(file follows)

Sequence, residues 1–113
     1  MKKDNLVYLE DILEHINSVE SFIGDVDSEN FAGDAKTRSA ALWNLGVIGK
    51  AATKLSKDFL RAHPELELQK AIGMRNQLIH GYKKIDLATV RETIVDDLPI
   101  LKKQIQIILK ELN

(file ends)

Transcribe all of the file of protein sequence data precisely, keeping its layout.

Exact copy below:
Sequence, residues 1–113
     1  MKKDNLVYLE DILEHINSVE SFIGDVDSEN FAGDAKTRSA ALWNLGVIGK
    51  AATKLSKDFL RAHPELELQK AIGMRNQLIH GYKKIDLATV RETIVDDLPI
   101  LKKQIQIILK ELN